What to look for
Nipah virus causes clinical disease humans and animals (mainly pigs). Infected pigs may show signs of respiratory distress, nasal discharge, non-productive cough and lethargy.
In humans, symptoms can include fever, headache, dizziness, vomiting, reduced consciousness and respiratory distress.
What you can do
- Do not move live animals, meat or meat products, untanned hides or skins, or other animal products out of the Torres Strait Protected Zone to the Torres Strait Permanent Biosecurity Monitoring Zone, or from either zone to mainland Australia without a permit and an inspection by a departmental biosecurity officer.
- Report any signs of illness in pigs to the Emergency Animal Disease Hotline on 1800 675 888.
Live animals, meat and dairy products, untanned hides and skins and other animal products need a permit to move south between zones and to mainland Australia.
Nipah virus affects humans and animals (mainly pigs). The first documented cases were recorded in Malaysia in 1998 and outbreaks have since occurred in Singapore, India and Bangladesh. Fruit bats are the natural reservoir host of both Nipah virus and the closely related Hendra virus, although no signs of disease are seen in these species.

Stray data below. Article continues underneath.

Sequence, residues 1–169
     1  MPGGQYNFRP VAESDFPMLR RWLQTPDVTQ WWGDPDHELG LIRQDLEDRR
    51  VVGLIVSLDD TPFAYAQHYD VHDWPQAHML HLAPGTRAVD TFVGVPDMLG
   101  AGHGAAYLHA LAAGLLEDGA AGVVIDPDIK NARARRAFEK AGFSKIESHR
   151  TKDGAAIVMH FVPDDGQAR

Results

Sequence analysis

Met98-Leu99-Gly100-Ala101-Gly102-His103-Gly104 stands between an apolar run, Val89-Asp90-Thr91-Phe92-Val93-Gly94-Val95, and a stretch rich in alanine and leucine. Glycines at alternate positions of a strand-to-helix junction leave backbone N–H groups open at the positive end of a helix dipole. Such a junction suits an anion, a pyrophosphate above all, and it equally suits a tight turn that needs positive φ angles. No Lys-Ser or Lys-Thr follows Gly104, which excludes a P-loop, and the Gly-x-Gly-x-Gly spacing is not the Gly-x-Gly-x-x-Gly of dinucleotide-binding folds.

Infected pigs display clinical signs of respiratory distress, nasal discharge, a non-productive cough and lethargy. In humans, Nipah virus causes fever, headache, dizziness, vomiting, reduced consciousness and respiratory distress. Death has occurred in 40-75 per cent of human cases.
Fruit bats tested on surveys throughout South East Asia and Papua New Guinea have been shown to have antibodies to Nipah and other closely related viruses and are known to migrate between Australia and neighbouring countries (Field et al., 2013. Henipaviruses and Fruit Bats, Papua New Guinea. Emerging Infectious Diseases, 19, 670-671.). This suggests that outbreaks may occur over a much wider area (wherever these fruit bat populations are found) than has so far been reported.
Australia is currently free of Nipah virus, however, an incursion of this virus would have serious consequences for both animal and human health. Over one million pigs were slaughtered in Malaysia in an attempt to control this disease.
Keep a Top Watch!
Keep a watch on wild pigs and if you see sick pigs or more deaths than usual, call the Emergency Animal Disease Hotline on 1800 675 888.
For further information or advice contact NAQS.